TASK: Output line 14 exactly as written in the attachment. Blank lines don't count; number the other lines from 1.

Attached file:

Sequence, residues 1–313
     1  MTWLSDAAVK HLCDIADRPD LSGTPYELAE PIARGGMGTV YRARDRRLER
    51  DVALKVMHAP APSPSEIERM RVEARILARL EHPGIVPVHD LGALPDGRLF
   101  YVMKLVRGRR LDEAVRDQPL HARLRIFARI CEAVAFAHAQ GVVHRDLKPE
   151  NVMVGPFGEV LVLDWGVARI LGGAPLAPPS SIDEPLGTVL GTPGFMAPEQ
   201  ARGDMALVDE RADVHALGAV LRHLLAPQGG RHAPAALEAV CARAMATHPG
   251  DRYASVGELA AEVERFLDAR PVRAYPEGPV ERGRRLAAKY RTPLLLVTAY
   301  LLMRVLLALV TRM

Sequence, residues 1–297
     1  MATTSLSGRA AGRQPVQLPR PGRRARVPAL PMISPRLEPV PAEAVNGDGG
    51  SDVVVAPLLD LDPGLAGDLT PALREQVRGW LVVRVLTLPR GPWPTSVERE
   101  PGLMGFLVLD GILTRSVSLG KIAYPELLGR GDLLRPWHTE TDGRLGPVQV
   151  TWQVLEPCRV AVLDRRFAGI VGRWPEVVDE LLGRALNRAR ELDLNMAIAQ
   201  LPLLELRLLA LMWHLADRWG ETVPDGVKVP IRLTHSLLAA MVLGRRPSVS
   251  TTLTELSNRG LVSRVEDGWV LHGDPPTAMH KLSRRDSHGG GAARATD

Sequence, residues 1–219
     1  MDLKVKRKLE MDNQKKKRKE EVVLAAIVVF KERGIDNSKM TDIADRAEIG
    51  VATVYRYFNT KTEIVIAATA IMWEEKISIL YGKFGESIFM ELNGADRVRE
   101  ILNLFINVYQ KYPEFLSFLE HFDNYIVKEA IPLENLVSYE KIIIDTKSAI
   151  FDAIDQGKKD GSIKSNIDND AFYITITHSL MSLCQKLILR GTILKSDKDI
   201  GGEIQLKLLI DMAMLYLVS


   201  LPLLELRLLA LMWHLADRWG ETVPDGVKVP IRLTHSLLAA MVLGRRPSVS